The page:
Infrastructure is all around us. Some we can see, like roads, and some we can’t, like radio waves. Big Glass Microphone looks at the intersection between these two kinds of infrastructure by visualizing the vibrations in a five kilometer long fiber optic cable buried underneath the campus of Stanford University. The cable is mostly used for analyzing seismic waves as they pass through campus; we’re using it to look closer at activities closer to home.
5 mile long fiber optic cables are pretty cool
Fiber optic cables are usually used for sending signals from one place to another. The vibrations that nearby moving objects cause in the cables are usually considered undesirable and filtered out as noise. But by turning the noise into signal, we can make inferences about things that are near that cable. The map above shows the location of the cable on the Stanford Campus in a giant figure-eight loop buried under the ground. Using Distributed Acoustic Sensing technology from Optasense, a company that installs this technology along railroads, pielines, and other infrastructure, Big Glass Mic visualizes the distinct shapes that different kinds of events have on this fascinating incidental listening device.
A wide spectrum of vibrations can be detected and analyzed
Each horizontal band represents a different frequency of vibration: 0–0.6hz, 10–20hz and so on, up to 320 Hertz. The voiced speech of a typical adult male will have a fundamental frequency from 85 to 180 Hz, and that of a typical adult female from 165 to 255 Hz. The lowermost horizontal bands are sounds we can hear, and the uppermost bands are subsonic vibrations. The brighter the section of band, the more intense the vibration at that scale.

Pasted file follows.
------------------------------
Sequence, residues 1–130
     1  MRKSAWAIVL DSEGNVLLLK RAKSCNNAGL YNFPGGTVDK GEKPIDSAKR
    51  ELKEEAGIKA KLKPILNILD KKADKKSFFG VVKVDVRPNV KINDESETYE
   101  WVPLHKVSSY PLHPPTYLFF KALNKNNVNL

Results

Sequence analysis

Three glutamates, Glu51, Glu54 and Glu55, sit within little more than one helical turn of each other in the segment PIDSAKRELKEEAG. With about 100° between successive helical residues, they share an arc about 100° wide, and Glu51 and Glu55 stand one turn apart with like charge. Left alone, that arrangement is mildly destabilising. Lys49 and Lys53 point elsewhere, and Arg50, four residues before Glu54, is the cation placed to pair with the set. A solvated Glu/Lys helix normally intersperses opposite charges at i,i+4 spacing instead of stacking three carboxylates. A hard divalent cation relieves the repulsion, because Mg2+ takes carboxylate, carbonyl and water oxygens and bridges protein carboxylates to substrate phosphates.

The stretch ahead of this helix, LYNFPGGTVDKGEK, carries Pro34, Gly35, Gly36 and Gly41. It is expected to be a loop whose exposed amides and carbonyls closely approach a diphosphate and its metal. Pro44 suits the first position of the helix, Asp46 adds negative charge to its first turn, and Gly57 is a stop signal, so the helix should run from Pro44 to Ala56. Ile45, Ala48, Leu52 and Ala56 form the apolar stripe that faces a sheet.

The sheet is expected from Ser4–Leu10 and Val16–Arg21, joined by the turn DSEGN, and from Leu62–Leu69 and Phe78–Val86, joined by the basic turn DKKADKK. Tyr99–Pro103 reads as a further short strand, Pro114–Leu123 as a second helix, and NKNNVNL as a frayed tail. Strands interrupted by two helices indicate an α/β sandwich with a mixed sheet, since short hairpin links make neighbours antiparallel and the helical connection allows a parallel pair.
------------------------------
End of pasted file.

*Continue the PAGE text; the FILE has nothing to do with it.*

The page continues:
Individual segments of the cable
You can click and drag your mouse over the time strip to explore different spatial and temporal aspects of the data. This view, which extends over the whole timeframe, is restricted to the corner of Campus Drive and Panama Street. See if you can visually locate the blobs that move back and forth along the topmost strip, at 0–0.6hz. Those are cars driving along the road, and the electromagnetic impulses from their engines are activating the cable.
You can look at specific time windows, too
The same interface can be used to restrict the length of time that’s being shown on the map. Here we see the whole loop for about ten seconds of time, from 2:04:47–2:04.57. There’s clear movement of cars in that timeframe across multiple spectra.
Other moving things look different to the cable
It seems to be a characteristic of cars that they activate multiple levels of the frequency detection. This ten-second clip, located along one of the many footpaths on campus, shows a much less activating kind of movement; since it’s along a footpath we think it might be a person or a bicycle.
Some kinds of things stay put
Vertical lines in the time chart are good places to look for interesting features. They denote a feature that’s staying in one place, but continuously making vibrations at or about the same rate. This vertical line marks the position of a fountain at Leland Stanford Jr University, which (when it’s on) sends out a more or less constant vibration of between 160–300hz, a bit higher than a human voice.
Stay a while!
Big Glass Microphone is intended to evoke a sense of wonder about the kinds of detections and interactions that are increasingly common in our uniquitously networked society. If a fiber optic cable buried in the ground can tell that you’re walking by, what can the telephone wires over your head tell? What kinds of artistic, urban, commercial, governmental possibilities await as more and more cable is laid to power, say, smart street lights? We hope you’ll explore the project and that it gives you a sense of where all this sensing and detection is headed. If you’re interested in finding out more about the project, please get in touch, or let us know what you think on Twitter or Facebook.
Special thanks to Martin Karrenbach and John Williams at Optasense and Eileen Martin at Stanford, the Stanford Exploration Project and Stanford’s School of Earth, Energy & Environmental Sciences for their contributions to this project. We’re delighted that our friend Ryan Alexander led the development effort.